In his first season he snagged 14 interceptions, which was, and still is, an NFL record. He did that in a twelve-game season. He played one more season with the Rams before being traded to the Cardinals and later the Lions.
In 14 seasons, "Night Train" had 68 picks and 1,207 interception return yards. He made seven Pro Bowls and was selected a first team All-Pro three times. Though he was snubbed from both honors several times in his career (most likely because he was a black player in the 50's and 60's).
Not only was Lane a great cover man and ball hawk, he was one of the most vicious hitters the game has ever seen. He loved derailing opponents at the head and neck, which was a legal play at the time. This became known as the "Night Train Necktie."
Runner Up: Deion Sanders
Many people don't consider kickers athletes, and they may be right. Even though they're not "athletes" per se, they are without a doubt a vital part of every NFL team.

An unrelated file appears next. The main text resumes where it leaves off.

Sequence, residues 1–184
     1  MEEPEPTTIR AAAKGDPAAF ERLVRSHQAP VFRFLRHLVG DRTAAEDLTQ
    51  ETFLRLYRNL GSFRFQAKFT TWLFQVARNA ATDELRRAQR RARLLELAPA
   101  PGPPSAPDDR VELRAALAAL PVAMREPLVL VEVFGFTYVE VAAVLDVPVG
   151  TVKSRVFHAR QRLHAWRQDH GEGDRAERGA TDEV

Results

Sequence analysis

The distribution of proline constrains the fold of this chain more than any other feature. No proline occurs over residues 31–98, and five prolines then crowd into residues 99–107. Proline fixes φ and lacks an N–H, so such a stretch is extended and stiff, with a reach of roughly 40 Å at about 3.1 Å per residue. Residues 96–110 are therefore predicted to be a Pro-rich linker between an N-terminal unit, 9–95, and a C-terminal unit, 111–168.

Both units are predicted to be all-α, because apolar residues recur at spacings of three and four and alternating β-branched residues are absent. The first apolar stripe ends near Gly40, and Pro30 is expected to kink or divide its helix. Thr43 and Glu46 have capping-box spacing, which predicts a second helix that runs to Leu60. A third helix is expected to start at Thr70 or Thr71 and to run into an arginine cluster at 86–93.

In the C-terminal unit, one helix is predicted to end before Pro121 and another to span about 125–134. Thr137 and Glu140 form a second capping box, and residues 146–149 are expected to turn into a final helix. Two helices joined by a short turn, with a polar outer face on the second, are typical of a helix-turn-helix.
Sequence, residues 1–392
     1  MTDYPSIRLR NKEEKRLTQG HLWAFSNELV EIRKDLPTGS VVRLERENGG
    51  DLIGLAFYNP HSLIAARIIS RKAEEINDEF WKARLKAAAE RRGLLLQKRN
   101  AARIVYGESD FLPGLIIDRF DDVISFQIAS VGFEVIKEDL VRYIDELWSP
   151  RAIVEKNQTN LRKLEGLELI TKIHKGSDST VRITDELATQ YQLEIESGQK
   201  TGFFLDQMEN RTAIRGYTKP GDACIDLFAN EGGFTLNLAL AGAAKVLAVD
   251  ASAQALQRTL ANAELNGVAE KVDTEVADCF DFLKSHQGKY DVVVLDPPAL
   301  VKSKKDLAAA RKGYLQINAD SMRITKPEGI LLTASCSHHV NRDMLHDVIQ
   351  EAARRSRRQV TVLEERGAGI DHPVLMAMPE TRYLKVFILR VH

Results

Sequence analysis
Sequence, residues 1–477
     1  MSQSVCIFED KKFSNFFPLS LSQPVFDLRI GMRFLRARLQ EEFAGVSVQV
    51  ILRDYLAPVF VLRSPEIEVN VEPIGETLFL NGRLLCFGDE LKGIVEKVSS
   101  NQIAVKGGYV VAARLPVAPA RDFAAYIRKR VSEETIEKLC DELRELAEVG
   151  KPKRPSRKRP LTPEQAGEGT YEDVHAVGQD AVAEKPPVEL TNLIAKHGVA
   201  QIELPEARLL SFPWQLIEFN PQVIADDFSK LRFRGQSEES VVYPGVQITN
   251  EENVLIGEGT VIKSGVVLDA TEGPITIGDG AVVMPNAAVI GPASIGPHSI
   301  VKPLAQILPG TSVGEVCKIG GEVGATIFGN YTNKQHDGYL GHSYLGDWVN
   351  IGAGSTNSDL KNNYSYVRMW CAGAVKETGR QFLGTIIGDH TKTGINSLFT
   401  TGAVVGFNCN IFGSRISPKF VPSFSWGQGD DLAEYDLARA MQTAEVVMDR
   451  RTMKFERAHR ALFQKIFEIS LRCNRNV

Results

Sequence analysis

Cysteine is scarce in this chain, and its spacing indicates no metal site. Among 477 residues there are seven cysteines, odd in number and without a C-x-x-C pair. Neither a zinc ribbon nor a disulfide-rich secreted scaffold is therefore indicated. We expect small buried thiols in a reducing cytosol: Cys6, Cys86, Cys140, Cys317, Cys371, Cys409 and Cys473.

Adam Vinatieri may not have the biggest foot of any kicker, and if you need a 55-yard field goal in the second quarter, he may not be your guy. But, if it's the fourth quarter, the game is on the line and all you need is a field goal to win or tie, he's definitely your guy.
There has never been a better big-game, clutch-situation kicker than Vinatieri. He had one of the most famous field goals in NFL history in the "Tuck Rule" game against the Raiders in the 2001 AFC Championship. He hit a 45-yarder in blizzard conditions to send the game to overtime. In overtime, he hit another field goal to win the game. In the Super Bowl, he hit a 48-yarder on the final play of the game to secure the upset and the Pats' first Super Bowl Title. Two years later, in the Super Bowl against the Panthers, Vinatieri hit a 41-yard field goal with four seconds left to once again win the game for the Patriots.
When he left the Patriots after the 2005 season, he had kicked a total of 18 game-winning field goals with less then a minute left.
Vinatieri holds the postseason records for most field goals (42), for consecutive games with 3+ field goals (four), for most career points (187), for most field goals in single postseason (14), for most field goals in the Super Bowl (seven), for most total points in a single postseason (49) and most field goals in a single postseason game (five).